Three small (< 1 ha) mountain wetlands located in eastern Kentucky, host populations of two rare orchids, the white fringeless orchid, Platanthera integrilabia, and the crested yellow orchid, Platanthera cristata. Recently, concern has arisen about the persistence of the orchids. To better understand these wetlands and determine if hydrology is affecting the orchid populations, a hydrologic characterization study was initiated in 2009. Each wetland was equipped with a well nest consisting of piezometers, tensiometers, and a shallow well with a data logging pressure transducer. Chemistry and stable isotopes analysis (deuterium and 18O) of groundwater and precipitation were analyzed, and soil, topographic and channel cross-section surveys were conducted. Hydrology data suggest the primary source of water …


Effects Of Hydrologic Gradients On Woody Debris Breakdown And Macroinvertebrate Colonization In A Cumberland Plateau Watershed, Eastern Kentucky, U.S.A., Robin Rae Bernal May 2010

Effects Of Hydrologic Gradients On Woody Debris Breakdown And Macroinvertebrate Colonization In A Cumberland Plateau Watershed, Eastern Kentucky, U.S.A., Robin Rae Bernal

Masters Theses & Specialist Projects

This research assessed the influence of hydrologic gradients on woody debris dynamics in a Cumberland Plateau watershed, eastern Kentucky, U.S.A. Although the breakdown of wood can be attributed to several different processes, including leaching, biological decay, fragmentation, and transport, the influence of differing flow regimes has been unstudied. The objectives of this study were to examine how stream channel type (temporary vs. perennial) affected wood processing dynamics (i.e., mass loss and macroinvertebrate colonization and standing stock patterns). Two questions were addressed: (1) do mass loss rates of wood differ across hydrological gradients in stream channels?, and (2) do macroinvertebrate colonization …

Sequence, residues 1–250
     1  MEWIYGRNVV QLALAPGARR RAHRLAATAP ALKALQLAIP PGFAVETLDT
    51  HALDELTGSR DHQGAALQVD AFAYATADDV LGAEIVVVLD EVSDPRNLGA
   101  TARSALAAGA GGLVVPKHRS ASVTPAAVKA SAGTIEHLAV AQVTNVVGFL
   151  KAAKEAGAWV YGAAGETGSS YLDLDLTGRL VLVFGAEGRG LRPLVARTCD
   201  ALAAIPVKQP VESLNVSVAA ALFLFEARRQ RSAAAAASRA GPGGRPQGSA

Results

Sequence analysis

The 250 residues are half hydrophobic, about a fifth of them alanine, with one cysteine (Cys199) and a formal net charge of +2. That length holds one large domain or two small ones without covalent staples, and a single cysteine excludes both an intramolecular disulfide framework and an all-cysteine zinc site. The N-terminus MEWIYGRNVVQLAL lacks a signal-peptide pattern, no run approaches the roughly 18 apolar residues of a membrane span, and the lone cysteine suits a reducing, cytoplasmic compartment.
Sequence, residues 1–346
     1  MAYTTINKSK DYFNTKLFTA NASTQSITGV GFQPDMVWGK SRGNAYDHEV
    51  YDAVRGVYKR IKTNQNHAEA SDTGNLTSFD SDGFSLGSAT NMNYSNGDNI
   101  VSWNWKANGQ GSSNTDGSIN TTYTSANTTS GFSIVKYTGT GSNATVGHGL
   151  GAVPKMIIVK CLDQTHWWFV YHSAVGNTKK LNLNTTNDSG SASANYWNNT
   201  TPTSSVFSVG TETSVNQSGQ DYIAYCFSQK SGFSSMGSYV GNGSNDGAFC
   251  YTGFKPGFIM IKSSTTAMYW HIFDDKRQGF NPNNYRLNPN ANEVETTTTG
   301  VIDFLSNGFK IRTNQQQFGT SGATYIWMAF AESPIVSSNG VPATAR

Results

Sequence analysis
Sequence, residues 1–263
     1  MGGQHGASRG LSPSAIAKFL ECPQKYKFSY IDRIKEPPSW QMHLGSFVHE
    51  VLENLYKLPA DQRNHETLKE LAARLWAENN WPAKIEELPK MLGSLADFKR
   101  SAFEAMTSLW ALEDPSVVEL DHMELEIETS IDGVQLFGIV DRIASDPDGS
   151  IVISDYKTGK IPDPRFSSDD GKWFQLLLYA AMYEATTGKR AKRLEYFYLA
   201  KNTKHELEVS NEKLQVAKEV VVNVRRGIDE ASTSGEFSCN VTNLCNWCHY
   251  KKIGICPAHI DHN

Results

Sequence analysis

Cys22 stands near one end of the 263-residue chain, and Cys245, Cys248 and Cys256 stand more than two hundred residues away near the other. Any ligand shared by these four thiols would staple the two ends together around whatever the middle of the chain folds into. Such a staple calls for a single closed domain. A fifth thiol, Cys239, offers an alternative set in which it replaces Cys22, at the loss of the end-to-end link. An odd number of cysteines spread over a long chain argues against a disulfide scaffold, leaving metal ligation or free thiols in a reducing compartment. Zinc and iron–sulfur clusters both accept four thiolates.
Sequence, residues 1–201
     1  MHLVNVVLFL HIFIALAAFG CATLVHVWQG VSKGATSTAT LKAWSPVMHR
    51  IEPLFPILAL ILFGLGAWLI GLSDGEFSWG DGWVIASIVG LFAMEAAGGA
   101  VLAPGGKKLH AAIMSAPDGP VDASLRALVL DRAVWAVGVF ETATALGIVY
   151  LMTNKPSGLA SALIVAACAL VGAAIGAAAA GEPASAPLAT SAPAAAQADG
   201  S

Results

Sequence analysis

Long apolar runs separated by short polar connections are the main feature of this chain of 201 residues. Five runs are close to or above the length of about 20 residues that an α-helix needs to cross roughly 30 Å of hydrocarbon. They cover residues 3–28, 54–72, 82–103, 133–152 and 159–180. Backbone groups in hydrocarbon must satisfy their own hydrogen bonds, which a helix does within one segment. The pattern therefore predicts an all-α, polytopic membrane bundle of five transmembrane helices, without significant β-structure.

Accuracy Of Forest Road And Stream Channel Characteristics Derived From Lidar In Forested Mountain Conditions, Russell Alan White Mar 2010

Accuracy Of Forest Road And Stream Channel Characteristics Derived From Lidar In Forested Mountain Conditions, Russell Alan White

Master's Theses

Forest roads and stream channels are mapped using a variety of remote sensing and ground-based techniques. In densely forested areas, conventional remote sensing methods provide limited terrain information, while ground-based surveys can be time-consuming, difficult, and expensive. Light Detection and Ranging (LiDAR) is an airborne remote sensing technology used to create high-resolution digital elevation models (DEMs) of the earth’s surface. This study tests the accuracy of forest road and stream channel features mapped using LiDAR in the steep, forested terrain of California’s Santa Cruz Mountains. A conventional total station survey was used to determine centerline position and elevations along a …


Managing Water Use From Forest Plantations, Jerome K. Vanclay Oct 2009

Managing Water Use From Forest Plantations, Jerome K. Vanclay

Professor Jerome K Vanclay

Tree plantations have developed a reputation for excessive water use, with age commonly used as an explanatory variable to predict water loss – but many factors have the potential to affect plantation water use, and few of these alternatives have been considered. Changes in forest cover may be correlated with other environmental changes that may affect precipitation, transpiration, and runoff, indicating that more thorough investigation is required in both field and simulation studies. Several factors influencing water use by plantations are amenable to management control, so there is scope to design and manage forest plantations deliberately for water use efficiency. …


Slides: Water Leasing In The Lower Arkansas Valley: The "Super Ditch Company", Peter Nichols Jun 2009

Slides: Water Leasing In The Lower Arkansas Valley: The "Super Ditch Company", Peter Nichols

Western Water Law, Policy and Management: Ripples, Currents, and New Channels for Inquiry (Martz Summer Conference, June 3-5)

Presenter: Peter NIchols, Trout, Raley, Montano, Witwer & Freeman, Denver, CO

28 slides


Matrix Geochemistry And Phytophthora Occurrence On Reforested Mine Lands In Appalachia, Kathryn M. Ward Jan 2009

Matrix Geochemistry And Phytophthora Occurrence On Reforested Mine Lands In Appalachia, Kathryn M. Ward